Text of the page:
The 25-year-old Paredes is also pleased given the limited opportunity he got with the Tigers in the 2020-2021 season. He hit .215 with two home runs, 11 RBIs and a .592 OPS in 57 games across five stints in the majors.

He started 2022 in the minors with the Rays, was given a 10-day look when Ji-Man Choi went on the injured list in early May, and was called up again in mid-May when Brandon Lowe was injured. It has stuck around ever since.

The way Paredes has continued to develop as a hitter has also impressed the Rays, especially with his consistency in what is a somewhat unusual approach: pulling the ball with force extremely down the left-field line (all 63 home runs in his career were to left or to the left). -center) but willing to use all fields for singles, especially deep in counts.

“It’s really hard to do with the ability he has to do it,” coach Chad Mottola said.

To illustrate his point, Mottola notes the discomfort among Ray’s staff in occupying the third base dugout on the road, knowing how powerfully Paredes can hit inside pitches.

“He’s pulling some balls that we’re not ready for yet,” Mottola said. “We have learned that we always have to be alert when we are on third base. Boys usually can’t do that.”

Isaac Paredes celebrates after hitting a home run off Yerry Rodriguez during a game against the Texas Rangers at Tropicana Field.
Isaac Paredes celebrates after hitting a home run off Yerry Rodriguez during a game against the Texas Rangers at Tropicana Field. (JEFFEREE WOO | Times)

More impressive, Mottola said, is Paredes’ excellent strike zone awareness and the generally quality at-bats that result.

“That doesn’t get the attention it should get,” Mottola said.

Nor does the overall improvement Paredes has made this year, especially by increasing his average. That was his main focus in an at-large bid, he said through team interpreter Manny Navarro, to feel “a lot more comfortable learning the game, playing the game a little bit better and knowing where my strengths are.”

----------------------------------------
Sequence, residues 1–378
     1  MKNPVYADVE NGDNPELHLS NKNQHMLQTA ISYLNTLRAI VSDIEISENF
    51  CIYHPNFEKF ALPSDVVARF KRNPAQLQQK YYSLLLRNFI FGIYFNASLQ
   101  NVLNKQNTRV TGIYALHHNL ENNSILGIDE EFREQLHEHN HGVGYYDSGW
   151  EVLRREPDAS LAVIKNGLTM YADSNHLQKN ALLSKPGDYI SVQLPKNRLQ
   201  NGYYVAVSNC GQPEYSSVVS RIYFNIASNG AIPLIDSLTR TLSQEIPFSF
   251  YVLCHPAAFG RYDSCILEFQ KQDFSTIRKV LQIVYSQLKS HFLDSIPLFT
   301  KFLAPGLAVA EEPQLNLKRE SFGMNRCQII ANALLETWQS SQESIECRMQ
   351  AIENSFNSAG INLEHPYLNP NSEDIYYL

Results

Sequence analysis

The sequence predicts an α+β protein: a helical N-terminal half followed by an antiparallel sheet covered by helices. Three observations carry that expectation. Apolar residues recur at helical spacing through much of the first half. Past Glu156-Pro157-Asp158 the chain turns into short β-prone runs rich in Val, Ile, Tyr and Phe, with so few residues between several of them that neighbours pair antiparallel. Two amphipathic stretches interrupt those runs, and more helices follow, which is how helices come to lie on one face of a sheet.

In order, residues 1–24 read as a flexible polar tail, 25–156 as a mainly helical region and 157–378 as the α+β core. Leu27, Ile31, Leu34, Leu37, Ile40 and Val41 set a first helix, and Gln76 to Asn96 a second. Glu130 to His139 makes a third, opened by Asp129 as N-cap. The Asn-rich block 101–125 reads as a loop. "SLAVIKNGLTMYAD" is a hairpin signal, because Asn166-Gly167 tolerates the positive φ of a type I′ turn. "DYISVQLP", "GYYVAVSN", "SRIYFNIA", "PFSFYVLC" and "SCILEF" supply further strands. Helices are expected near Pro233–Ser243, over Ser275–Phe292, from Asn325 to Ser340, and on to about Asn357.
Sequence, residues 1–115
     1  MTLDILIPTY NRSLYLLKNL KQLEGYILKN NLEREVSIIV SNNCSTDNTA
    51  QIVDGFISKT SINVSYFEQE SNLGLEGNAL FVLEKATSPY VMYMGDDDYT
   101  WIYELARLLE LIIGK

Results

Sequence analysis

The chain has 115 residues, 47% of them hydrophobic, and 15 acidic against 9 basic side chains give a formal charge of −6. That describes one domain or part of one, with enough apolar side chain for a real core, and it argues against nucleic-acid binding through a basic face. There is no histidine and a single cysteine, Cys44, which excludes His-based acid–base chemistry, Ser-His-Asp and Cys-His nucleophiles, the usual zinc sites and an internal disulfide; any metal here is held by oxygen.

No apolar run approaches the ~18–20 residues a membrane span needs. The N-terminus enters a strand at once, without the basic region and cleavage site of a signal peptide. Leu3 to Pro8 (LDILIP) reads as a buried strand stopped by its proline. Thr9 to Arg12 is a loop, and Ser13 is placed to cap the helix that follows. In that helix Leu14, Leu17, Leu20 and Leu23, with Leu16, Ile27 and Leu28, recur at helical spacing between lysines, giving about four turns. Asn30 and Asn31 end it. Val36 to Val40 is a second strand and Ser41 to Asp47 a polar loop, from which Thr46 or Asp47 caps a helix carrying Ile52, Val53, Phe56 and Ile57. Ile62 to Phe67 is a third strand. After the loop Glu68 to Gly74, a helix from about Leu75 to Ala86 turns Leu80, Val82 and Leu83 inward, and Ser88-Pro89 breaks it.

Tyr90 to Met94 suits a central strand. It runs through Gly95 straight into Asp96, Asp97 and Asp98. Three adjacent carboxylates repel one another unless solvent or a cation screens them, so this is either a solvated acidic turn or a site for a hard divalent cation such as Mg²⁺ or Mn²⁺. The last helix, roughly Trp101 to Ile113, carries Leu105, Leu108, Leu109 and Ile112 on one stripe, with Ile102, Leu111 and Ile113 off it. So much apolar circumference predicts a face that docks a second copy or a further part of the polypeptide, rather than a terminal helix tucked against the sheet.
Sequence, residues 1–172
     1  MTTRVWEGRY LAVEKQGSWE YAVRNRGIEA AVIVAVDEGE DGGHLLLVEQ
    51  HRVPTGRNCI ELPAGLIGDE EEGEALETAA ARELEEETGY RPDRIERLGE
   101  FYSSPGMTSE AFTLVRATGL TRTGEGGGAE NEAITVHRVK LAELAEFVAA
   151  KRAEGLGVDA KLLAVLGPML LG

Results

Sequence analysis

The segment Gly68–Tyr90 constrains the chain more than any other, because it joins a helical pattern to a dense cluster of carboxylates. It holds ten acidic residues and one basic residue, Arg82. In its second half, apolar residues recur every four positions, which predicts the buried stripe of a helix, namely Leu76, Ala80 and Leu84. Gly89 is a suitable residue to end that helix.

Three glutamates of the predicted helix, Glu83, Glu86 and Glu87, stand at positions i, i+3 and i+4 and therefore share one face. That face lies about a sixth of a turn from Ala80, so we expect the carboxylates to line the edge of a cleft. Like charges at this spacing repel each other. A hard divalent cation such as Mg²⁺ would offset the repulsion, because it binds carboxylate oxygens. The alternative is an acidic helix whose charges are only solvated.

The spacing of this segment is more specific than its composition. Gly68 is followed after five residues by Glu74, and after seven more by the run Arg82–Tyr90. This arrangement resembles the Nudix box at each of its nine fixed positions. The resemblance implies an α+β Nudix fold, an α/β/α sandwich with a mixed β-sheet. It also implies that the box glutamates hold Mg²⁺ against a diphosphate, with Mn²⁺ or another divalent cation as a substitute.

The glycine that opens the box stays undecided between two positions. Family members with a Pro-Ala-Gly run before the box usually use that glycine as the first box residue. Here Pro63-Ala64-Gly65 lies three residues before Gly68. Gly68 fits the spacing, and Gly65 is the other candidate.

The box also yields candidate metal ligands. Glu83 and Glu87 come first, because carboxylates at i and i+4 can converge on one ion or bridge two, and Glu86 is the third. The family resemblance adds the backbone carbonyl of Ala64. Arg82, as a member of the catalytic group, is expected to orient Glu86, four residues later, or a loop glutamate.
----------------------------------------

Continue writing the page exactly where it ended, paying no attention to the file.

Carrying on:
After averaging .229 through his first four seasons, including .250 last year, Paredes was hitting .292 with 10 home runs, 37 RBIs and an .866 OPS through Friday.

“He knows who he is as a hitter,” manager Kevin Cash said, “and he’s very good at stepping up and being that guy.”

Growing up in Mexico with the nickname “Winsy” (WIN-see) from a song his family sang to him as a child, Paredes said he was driven by one thing: “The goal was always to reach the big leagues.”

With All-Star voting kicking off last week, there has been a lot of talk that Paredes, who has played primarily at third base this season, is the most deserving Ray. It’s unlikely that Cleveland’s Jose Ramirez will be beaten out for the starting spot, but he’ll have to hope he’s chosen by the players or selected as a backup by Major League Baseball.

Any reason to go to Arlington, Texas in mid-July would be worth it.

“I think being in the All-Star Game is something you can never forget,” Paredes said. “I think it would be something really cool.”

But it may cause a little problem. Although Mottola praised him for developing into a quiet leader who “leads by example” in the clubhouse, Paredes says he prefers to stay out of the spotlight. (Though he’s excited that Sunday’s game will feature his first promotional item: socks for kids 14 and under.)

“I’ve always been a serious guy,” Paredes said. “I’ve never liked all that attention. I think I like it more without all that pressure.”